AK Party considers all possibilities in closure case

If consensus cannot be reached, Prime Minister Erdoğan will most likely opt to hold early elections as a solution.

AK Party considers all possibilities in closure case
The ruling Justice and Development Party (AK Party) convened its Central Decision and Administration Board (MKYK) on Monday to discuss actions the party may pursue as measures against a closure case brought against it, Today's Zaman reported. 

The meeting lasted six hours and was chaired by Prime Minister Recep Tayyip Erdoğan, who was given full authorization for the steps he would take in connection with the closure case. The AK Party has decided to seek consensus in Parliament over constitutional amendments it has been planning to implement in response to the case. If consensus cannot be reached, Prime Minister Erdoğan will most likely opt to hold early elections as a solution. Thus, the likelihood of Turkey's holding early parliamentary elections has become more likely.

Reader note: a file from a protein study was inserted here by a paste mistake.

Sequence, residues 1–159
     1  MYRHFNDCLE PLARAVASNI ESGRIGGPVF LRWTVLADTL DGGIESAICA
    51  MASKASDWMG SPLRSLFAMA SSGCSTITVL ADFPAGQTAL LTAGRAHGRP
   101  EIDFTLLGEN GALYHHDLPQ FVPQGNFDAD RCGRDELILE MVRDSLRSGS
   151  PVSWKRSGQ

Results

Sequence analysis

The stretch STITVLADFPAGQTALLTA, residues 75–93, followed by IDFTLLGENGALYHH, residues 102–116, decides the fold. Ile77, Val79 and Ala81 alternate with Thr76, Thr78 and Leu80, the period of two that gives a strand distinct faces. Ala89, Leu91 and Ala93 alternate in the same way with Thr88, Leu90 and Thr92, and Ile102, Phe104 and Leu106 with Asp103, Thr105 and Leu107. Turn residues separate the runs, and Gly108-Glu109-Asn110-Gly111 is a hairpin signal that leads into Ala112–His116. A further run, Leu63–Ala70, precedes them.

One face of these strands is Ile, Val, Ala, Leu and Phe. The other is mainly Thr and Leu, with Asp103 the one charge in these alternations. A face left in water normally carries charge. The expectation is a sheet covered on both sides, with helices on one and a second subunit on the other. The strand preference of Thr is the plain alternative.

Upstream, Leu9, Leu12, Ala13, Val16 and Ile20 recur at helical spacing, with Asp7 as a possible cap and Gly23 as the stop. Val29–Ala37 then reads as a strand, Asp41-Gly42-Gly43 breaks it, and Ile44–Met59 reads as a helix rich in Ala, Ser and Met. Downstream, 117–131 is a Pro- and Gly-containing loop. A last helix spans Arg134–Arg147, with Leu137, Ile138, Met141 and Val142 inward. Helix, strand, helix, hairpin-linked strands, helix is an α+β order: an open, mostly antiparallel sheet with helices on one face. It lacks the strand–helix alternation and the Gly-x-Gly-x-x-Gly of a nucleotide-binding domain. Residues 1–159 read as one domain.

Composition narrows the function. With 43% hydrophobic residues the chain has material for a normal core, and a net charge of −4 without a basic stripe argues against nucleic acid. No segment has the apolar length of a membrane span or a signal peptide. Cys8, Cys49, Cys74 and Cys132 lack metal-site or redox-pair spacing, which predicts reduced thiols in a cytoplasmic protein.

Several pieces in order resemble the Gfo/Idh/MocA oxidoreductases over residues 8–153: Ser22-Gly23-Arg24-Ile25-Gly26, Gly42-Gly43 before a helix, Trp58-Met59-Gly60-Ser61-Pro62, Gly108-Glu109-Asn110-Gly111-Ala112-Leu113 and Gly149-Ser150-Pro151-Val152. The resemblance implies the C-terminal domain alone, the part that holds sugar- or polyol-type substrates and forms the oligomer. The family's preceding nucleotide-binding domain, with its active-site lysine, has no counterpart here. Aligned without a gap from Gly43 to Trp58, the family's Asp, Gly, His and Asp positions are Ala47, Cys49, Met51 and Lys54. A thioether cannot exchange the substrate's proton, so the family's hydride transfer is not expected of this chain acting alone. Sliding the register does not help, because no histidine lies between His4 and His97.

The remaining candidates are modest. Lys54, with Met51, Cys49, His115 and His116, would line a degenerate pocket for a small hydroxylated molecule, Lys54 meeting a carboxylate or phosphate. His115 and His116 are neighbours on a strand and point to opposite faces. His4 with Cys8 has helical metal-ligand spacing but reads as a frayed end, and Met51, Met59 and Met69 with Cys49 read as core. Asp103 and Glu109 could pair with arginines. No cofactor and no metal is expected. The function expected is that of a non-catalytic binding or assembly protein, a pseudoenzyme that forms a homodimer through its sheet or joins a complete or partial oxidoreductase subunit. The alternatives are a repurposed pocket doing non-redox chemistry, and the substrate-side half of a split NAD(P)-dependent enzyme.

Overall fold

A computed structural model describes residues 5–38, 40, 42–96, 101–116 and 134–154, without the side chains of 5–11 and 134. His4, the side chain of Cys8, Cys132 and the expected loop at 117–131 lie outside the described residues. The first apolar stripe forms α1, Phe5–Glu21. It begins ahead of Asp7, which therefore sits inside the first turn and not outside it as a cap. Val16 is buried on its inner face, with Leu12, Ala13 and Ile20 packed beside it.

The AK Party will not act alone in its fight against the closure case being heard at the Constitutional Court. It will take its proposals pertaining to constitutional articles that regulate party closures to Parliament, suggesting that this amendment should be made in concert with some legal reforms, mainly requested by EU officials.